I am one of those people who either researches the hell out of something or I dive in blind and reckless. There is no middle ground. I don’t know what propels my reckless, blind dives. I don’t know why saying yes to marrying a man I barely knew was something I could do without thinking, but getting sober is requiring PhD level research and planning. Whatever the cause, right now, I am in what I will refer to as The Research Phase of my sobriety.
So far my “Reasearch Phase” phase has consisted of binge listening to sobriety memoirs on Audible and taking numerous on-line questionnaires about my drinking and even googling AA meetings in my area. Which- btw – in my particular little part of the Bible Belt, they all had a definitely Christian bent that I makes me think I would not be welcome as a liberal agnostic at best. Of course at this moment I am typing, listening to I’m not even sure I can call myself an alcoholic. I definitely could have taken on that mantle at one point in my life, but now? I’m not so sure.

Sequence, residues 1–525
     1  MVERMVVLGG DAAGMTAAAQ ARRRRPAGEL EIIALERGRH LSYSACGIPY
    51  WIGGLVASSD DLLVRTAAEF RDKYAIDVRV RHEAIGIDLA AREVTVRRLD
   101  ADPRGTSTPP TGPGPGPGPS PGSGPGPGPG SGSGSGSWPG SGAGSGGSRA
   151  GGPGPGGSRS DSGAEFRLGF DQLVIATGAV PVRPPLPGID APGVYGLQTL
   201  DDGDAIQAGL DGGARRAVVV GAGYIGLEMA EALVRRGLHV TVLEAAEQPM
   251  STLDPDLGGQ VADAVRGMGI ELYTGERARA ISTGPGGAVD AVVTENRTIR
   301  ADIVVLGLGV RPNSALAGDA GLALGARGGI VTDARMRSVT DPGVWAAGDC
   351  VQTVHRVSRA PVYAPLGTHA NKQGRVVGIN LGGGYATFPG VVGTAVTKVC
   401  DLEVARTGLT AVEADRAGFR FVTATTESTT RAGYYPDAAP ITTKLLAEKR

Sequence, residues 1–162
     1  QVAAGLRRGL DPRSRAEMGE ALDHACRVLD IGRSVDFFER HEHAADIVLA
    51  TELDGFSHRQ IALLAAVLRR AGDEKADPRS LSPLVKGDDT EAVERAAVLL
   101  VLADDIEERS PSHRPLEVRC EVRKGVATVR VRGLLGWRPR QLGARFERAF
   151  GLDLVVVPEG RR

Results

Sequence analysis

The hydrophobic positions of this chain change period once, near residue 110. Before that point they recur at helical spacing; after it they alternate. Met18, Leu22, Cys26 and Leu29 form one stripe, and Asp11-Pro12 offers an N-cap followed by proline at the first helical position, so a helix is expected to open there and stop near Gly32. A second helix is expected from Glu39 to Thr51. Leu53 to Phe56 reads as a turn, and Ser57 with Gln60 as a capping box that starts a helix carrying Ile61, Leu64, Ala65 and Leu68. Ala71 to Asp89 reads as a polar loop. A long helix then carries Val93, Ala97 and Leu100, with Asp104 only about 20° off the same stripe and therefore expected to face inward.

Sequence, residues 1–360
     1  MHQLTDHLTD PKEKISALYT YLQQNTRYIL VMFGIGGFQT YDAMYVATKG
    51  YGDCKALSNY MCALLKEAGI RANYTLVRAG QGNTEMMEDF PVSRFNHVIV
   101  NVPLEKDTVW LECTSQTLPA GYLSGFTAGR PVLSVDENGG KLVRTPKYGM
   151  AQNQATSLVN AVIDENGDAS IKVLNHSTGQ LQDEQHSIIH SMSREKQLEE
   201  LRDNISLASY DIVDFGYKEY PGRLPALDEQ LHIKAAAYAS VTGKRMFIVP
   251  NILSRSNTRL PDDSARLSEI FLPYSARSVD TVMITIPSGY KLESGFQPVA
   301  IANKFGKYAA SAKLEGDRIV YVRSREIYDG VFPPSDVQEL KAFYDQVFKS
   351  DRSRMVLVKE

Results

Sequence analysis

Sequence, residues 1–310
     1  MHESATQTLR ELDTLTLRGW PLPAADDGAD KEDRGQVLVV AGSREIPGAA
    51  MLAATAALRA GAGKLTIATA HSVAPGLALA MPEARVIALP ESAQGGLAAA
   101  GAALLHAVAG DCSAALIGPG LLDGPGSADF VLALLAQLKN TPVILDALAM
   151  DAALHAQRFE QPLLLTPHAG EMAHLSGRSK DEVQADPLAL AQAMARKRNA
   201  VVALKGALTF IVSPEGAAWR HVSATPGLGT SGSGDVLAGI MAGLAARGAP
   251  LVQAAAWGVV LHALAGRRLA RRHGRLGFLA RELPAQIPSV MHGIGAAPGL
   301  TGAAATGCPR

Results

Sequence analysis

So I listen to these “sobriety memoirs”. I just finished We are the Luckiest, by Laura McKowen and I am currently listening to The Sober Diaries by Claire Pooley. I have ordered Drink by Ann Dowsett Johnston in book form because, well, it just struck me as a read, rather than a listen. I notice as I look through lists of sobriety memoirs, they are all written by women who had incredibly impressive jobs and backgrounds. They have six figure salaries, high-powered positions in big cities, impressive educations, endless social lives, and tend to be younger than me by a good bit. They are difficult for me to connect with. I barely have a social life. I have difficulty making friends. I am 50 and I have been a mom for most of my life. I just got my first salaried job of my life this year. I am still in school getting my Master’s degree. So, while they are a good listen and I occasionally find myself relating to what they are saying, I wonder where my story fits in all this.